With the Fourth of July holiday at hand, Pine Bluff police want to remind residents that it is illegal to sell, manufacture of discharge fireworks in the city limits.
Police Lt. David Price said the department generally tries to verbally warn people who are shooting fireworks whenever possible, “but there are some that will not heed a warning and a citation will be issued.
“Also, the debris left from shooting fireworks can result in an additional charge of littering,” Price said.
He said residents are invited to attend the city-sponsored and sanctioned fireworks display at Regional Park on Friday, which will begin at about 9 p.m. The park will open at 5 p.m., and Price said fireworks are prohibited in the park as well.
“There will be vigorous enforcement inside the park due to the possibility of injury to those attending and the large fireworks display being set up,” Price said.
A Pine Bluff city ordinance establishes a fine of up to $50 per offense for discharging or causing to discharge fireworks except as part of a display sponsored by a patriotic or civic organization.
Pine Bluff Fire and Emergency Services Department Capt. Harold Clark said in a press release Wednesday that an average of 240 people per day go to hospital emergency rooms with fireworks-related injuries in the month around the July 4 holiday.
Clark offered a number of tips for using fireworks safely, including:
• Never buy fireworks that are packaged in brown paper because this is often a sign that the fireworks were made for professional displays and they could pose a danger to consumers.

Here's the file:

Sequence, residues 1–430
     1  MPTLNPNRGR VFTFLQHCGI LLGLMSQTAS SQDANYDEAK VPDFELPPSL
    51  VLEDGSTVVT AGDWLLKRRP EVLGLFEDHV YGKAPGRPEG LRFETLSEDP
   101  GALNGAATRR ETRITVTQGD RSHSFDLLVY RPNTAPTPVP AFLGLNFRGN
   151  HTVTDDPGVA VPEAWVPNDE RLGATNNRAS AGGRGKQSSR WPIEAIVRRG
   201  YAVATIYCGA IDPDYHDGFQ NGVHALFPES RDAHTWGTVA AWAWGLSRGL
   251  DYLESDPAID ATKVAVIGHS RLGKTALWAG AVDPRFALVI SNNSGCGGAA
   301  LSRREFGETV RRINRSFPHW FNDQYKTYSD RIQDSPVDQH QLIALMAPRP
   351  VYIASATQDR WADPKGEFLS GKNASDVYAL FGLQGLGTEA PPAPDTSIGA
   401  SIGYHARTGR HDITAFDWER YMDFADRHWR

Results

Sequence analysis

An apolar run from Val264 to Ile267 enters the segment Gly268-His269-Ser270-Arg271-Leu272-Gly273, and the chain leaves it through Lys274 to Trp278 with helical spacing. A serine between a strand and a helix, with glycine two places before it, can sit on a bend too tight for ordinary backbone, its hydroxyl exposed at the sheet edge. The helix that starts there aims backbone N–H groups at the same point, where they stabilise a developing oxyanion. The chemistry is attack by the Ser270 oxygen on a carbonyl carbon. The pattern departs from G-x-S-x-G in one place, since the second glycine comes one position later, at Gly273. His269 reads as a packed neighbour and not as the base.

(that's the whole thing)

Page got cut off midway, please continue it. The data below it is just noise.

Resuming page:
• Always have an adult supervise fireworks activities. Parents don’t realize that young children suffer injuries from sparklers. Sparklers burn at temperatures of about 2,000 degrees — hot enough to melt some metals.
• Never place any part of your body directly over a fireworks device when lighting the fuse. Back up a safe distance immediately after lighting fireworks.
• Never try to re-light or pick up fireworks that have not ignited properly.
• Never point or throw fireworks at another person.
• Keep a bucket of water of a hose handy in case of a fire or other mishap.
• After fireworks complete their burning, douse the spent device with plenty of water from a bucket or hose before discarding it to prevent a trash fire.
• Never carry fireworks in a pocket or shoot them in metal or glass containers.
The holiday is also recognized as one the busiest on area waterways and the Jefferson County Sheriff’s Office is preparing for that.
“Deputies’ main focus and safety concerns this Fourth of July are boaters and/or motorists drinking and driving as well as the misuse of fireworks,” Major Lafayette Woods Jr. said. “Deputies and patrol boats will also be deployed in Lake Langhofer (slackwater harbor) and along other parts of the Arkansas River within Jefferson County to monitor boating traffic.”
Woods said deputies will also try to keep drunken drivers off the highways.
“Deputies enforce traffic and criminal law in Jefferson County but this weekend, we will be beefing up patrols to ensure all citizens make it to their celebrations and back home safely,” he said.
Woods said last year, deputies arrested 10 people for driving while intoxicated or public intoxication during the holiday weekend.
“This year, we want none,” he said.
Along with deputies patrolling the highways and waterways, Woods said the sheriff’s office will be deploying the new Skywatch mobile observation tower to watch people who gather in Regional Park for the fireworks display and other events.
“The tower is equipped with a day/night vision infrared camera that is capable of recording live video footage to increase area security,” he said.
While it is legal to shoot fireworks in the unincorporated areas of the county, Woods said there are some areas where they are prohibited, including within 600 feet of any church, hospital, asylum, public school or within 200 feet of where any fireworks are stored, sold or offered for sale.